Thursday, August 19, 2010


As we grow older and experience various relationships; some good and some not so good, many of us seek to have a greater understanding of ourselves and the men in our lives so that we can better relate to one another. In our quest to do better and be better, we buy books, attend seminars, join groups and engage in endless discussions about relationships. In an effort to transform the quality of our relationships, we analyze the circumstances that have led to a “breakdown” in communication between men and women. And as our awareness increases, we become “experts” who are able to quickly identify dysfunctional behavior in others.

For instance, we know why our best friend continues to date a man who will never marry her, or can recognize when a particular man has a “fear” of commitment and can’t seem to settle down with one woman. In our arrogance, we may even have a suggestion or two about how to “fix” these problems! And, what about us? Somehow, that’s not so easy to tackle. While we are quick to offer advice to others, we are unwilling to take that same advice and do the work it takes to make ourselves better.

As we become more skillful at labeling issues and calling other folks out about what we perceive to be their shortcomings, we are often satisfied to merely label on our own. Now, of course we cannot change what we do not acknowledge, but simply acknowledging our faults does little to transform the quality of our relationships. While it is smart to understand the dynamics of relationships and what it takes to make them succeed or fail, it does not stop there.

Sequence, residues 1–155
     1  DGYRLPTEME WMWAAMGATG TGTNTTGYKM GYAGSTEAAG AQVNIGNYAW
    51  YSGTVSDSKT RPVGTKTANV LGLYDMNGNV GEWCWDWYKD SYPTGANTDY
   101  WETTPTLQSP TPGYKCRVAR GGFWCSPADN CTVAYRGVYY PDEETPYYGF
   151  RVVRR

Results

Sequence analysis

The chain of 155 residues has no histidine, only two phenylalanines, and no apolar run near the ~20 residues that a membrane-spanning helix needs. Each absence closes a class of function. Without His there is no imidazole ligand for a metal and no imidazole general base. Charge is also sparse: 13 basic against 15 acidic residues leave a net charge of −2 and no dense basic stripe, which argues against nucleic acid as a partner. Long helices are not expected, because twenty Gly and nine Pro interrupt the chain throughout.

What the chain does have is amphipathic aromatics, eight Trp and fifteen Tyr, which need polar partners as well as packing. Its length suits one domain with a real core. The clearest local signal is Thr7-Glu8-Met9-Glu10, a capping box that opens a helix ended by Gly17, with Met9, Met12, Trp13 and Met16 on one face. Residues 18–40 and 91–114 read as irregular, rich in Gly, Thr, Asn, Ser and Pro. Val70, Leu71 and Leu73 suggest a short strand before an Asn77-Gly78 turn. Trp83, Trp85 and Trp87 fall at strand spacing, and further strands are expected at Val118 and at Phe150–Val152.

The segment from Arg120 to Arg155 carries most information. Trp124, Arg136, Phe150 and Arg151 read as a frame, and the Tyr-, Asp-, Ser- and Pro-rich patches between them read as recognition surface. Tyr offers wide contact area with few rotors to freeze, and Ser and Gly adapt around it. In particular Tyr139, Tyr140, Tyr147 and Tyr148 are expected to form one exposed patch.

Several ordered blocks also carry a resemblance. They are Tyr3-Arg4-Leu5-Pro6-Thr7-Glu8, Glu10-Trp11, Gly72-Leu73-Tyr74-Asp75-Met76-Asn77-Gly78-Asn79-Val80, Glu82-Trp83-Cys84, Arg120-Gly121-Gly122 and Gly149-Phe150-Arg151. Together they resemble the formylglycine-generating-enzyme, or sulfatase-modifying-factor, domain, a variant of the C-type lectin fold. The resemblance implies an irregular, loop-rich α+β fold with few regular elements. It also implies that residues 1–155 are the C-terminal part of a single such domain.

When it comes to our personal behavior, we are quick to explain it away and assign it to some past psychological trauma or social stigma that’s causing us to act out; but when exactly do these explanations cease to be explanations and become excuses? Surprisingly, we expect our partners to understand and accept our faults, while we audaciously judge others for their negative behavior. We become complacent with our circumstances and the comfort of having someone there, while ignoring our part in damaging our own relationships. But, if we are truly seeking to heal the quality of our relationships, we should start the healing at home. In order to transform our relationships, we have to be in the act of transformation. This means that we have to take responsibility for our own actions; to actually BE the standard that we set for others.

So, before we engage in conversations where the finger of blame is pointed away from ourselves, maybe we should instead take the time to decide one positive change we will make within our own relationships. It’s great to be able to spot and analyze problems in other people’s relationships, but the best part about understanding where relationships tend to breakdown is using it to identify where our behavior may be similar and taking the advice that we so freely give to others.

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